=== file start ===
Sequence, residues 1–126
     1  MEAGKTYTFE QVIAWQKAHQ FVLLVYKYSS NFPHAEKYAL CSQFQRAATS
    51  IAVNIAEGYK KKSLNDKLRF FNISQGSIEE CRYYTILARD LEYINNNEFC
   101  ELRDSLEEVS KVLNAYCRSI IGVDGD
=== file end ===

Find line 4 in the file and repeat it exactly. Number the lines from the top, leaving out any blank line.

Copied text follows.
   101  ELRDSLEEVS KVLNAYCRSI IGVDGD